Photoluminescence studies of Zeeman effect in type-II InSb/InAs nanostructures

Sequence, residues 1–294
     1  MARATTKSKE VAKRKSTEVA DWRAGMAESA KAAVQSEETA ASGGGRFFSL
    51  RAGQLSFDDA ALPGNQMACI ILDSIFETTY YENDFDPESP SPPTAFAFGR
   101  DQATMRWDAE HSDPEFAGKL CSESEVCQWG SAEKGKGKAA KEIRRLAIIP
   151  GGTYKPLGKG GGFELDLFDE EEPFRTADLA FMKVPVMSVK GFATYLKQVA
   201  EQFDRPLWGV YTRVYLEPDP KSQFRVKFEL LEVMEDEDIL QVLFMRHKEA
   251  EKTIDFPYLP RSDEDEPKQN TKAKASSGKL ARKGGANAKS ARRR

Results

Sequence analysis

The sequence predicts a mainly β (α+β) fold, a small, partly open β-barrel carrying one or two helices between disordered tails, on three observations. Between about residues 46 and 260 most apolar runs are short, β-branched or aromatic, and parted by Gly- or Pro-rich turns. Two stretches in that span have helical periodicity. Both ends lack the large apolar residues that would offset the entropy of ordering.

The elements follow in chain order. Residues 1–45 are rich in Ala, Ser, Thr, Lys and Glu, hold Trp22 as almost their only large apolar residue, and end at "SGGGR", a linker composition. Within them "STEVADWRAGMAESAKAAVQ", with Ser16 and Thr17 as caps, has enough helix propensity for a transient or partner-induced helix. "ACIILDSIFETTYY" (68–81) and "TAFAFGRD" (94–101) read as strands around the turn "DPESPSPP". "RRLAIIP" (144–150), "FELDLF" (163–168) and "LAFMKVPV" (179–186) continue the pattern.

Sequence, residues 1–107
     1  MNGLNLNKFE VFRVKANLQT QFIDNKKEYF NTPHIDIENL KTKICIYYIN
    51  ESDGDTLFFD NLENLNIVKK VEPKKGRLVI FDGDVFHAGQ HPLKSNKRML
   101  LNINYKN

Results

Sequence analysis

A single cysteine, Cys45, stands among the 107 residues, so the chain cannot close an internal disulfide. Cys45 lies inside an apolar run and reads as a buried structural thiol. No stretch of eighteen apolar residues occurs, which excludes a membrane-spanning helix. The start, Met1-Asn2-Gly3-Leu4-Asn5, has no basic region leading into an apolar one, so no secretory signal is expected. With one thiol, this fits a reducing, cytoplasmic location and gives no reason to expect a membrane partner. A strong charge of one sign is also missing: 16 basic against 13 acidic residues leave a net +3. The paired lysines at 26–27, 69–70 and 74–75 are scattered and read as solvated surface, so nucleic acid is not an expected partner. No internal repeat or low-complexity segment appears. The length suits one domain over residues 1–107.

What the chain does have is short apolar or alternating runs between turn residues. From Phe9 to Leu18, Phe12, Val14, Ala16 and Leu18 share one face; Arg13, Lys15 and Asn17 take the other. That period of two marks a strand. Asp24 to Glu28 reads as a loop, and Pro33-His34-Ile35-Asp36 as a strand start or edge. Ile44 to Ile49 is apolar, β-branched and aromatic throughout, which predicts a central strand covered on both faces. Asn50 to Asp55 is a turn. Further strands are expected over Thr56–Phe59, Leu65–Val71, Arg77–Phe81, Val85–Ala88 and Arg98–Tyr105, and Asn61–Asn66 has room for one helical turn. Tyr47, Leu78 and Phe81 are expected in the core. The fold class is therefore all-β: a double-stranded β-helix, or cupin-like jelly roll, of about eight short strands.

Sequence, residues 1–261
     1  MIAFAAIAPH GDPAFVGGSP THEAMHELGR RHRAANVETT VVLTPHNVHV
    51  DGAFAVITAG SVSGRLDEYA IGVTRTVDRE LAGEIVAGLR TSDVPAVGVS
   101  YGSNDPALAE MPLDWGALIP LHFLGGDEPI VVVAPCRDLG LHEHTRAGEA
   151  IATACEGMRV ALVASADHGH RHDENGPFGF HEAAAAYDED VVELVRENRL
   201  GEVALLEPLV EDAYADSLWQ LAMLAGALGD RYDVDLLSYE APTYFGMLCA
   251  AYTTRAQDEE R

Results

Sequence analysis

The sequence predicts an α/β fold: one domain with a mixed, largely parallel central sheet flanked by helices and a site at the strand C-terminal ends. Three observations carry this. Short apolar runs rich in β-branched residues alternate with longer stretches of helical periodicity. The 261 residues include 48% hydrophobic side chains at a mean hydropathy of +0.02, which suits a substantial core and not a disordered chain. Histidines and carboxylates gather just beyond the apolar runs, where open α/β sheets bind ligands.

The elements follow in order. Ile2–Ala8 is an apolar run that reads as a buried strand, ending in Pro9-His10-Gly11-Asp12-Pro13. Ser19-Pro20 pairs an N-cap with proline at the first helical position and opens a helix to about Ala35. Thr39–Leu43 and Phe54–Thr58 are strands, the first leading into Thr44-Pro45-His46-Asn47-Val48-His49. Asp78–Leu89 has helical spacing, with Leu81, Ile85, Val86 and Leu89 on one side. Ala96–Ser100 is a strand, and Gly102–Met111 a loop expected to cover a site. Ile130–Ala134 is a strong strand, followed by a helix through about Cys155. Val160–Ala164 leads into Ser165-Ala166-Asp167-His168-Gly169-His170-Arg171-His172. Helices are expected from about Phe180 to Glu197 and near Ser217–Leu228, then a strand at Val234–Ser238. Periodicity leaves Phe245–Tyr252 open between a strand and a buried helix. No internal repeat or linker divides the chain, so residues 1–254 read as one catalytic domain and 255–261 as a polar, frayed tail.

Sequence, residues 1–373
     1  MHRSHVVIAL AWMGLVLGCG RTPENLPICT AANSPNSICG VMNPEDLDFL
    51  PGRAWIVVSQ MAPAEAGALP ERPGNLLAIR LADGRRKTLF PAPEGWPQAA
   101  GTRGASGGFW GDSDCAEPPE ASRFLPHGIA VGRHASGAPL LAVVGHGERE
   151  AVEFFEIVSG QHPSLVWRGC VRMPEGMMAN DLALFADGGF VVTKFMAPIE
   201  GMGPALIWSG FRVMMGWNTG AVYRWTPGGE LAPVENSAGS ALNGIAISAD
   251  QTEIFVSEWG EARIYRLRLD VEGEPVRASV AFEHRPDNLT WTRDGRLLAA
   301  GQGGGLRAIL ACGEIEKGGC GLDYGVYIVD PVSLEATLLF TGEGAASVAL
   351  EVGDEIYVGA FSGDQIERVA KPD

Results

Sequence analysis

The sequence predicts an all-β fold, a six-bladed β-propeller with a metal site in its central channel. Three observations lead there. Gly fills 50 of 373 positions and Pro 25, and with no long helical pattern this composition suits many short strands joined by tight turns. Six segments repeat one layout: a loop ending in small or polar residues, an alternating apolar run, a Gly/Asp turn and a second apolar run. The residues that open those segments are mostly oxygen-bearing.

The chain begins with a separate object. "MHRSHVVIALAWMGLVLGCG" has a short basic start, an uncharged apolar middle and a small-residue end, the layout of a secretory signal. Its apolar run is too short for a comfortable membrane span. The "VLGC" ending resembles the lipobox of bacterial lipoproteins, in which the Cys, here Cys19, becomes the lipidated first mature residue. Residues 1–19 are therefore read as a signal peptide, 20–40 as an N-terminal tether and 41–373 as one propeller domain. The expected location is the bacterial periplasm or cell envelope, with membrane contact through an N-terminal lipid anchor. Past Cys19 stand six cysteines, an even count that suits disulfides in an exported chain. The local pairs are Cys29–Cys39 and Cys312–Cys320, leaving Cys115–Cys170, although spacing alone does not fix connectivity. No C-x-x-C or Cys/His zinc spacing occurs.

Electron spin polarization up to 100% has been observed in type-II narrow-gap heterostructures with ultrathin InSb insertions in an InAs matrix via investigation of circularly polarized photoluminescence in an external magnetic field applied in Faraday geometry. The polarization degree decreases drastically, changes its sign, and saturates finally at the value of 10% in the limit of either high temperature or strong excitation. The observed effect is explained in terms of strong Zeeman splitting of the electron conduction band in the InAs matrix and a heavy-hole state confined in the InSb insertion, due to a large intrinsic g-factor of both types of carriers. The hole ground state in a monolayer scale InSb/InAs quantum well, calculated using a tight-binding approach, fits well the observed emission wavelength. Temperature dependence of the emission polarization degree is in good agreement with its theoretical estimation performed in the framework of a proposed phenomenological model.